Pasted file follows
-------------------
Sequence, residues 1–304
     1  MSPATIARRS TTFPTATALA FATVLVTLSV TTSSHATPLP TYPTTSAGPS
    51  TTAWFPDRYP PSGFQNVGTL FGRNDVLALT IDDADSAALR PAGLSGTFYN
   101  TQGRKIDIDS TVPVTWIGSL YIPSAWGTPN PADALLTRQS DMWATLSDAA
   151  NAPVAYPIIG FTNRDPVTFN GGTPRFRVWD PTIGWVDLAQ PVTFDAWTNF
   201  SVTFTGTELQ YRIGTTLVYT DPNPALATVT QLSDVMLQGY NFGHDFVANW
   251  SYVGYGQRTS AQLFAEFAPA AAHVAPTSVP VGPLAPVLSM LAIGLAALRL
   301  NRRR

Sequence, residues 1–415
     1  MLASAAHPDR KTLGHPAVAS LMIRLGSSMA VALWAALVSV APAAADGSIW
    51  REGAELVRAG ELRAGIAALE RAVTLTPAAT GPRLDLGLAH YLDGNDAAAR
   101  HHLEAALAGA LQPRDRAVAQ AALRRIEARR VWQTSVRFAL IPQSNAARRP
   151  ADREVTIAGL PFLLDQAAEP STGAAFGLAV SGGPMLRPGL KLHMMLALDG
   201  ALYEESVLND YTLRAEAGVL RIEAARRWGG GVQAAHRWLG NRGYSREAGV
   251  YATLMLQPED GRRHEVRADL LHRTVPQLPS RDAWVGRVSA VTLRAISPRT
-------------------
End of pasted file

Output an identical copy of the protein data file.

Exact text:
Sequence, residues 1–304
     1  MSPATIARRS TTFPTATALA FATVLVTLSV TTSSHATPLP TYPTTSAGPS
    51  TTAWFPDRYP PSGFQNVGTL FGRNDVLALT IDDADSAALR PAGLSGTFYN
   101  TQGRKIDIDS TVPVTWIGSL YIPSAWGTPN PADALLTRQS DMWATLSDAA
   151  NAPVAYPIIG FTNRDPVTFN GGTPRFRVWD PTIGWVDLAQ PVTFDAWTNF
   201  SVTFTGTELQ YRIGTTLVYT DPNPALATVT QLSDVMLQGY NFGHDFVANW
   251  SYVGYGQRTS AQLFAEFAPA AAHVAPTSVP VGPLAPVLSM LAIGLAALRL
   301  NRRR

Sequence, residues 1–415
     1  MLASAAHPDR KTLGHPAVAS LMIRLGSSMA VALWAALVSV APAAADGSIW
    51  REGAELVRAG ELRAGIAALE RAVTLTPAAT GPRLDLGLAH YLDGNDAAAR
   101  HHLEAALAGA LQPRDRAVAQ AALRRIEARR VWQTSVRFAL IPQSNAARRP
   151  ADREVTIAGL PFLLDQAAEP STGAAFGLAV SGGPMLRPGL KLHMMLALDG
   201  ALYEESVLND YTLRAEAGVL RIEAARRWGG GVQAAHRWLG NRGYSREAGV
   251  YATLMLQPED GRRHEVRADL LHRTVPQLPS RDAWVGRVSA VTLRAISPRT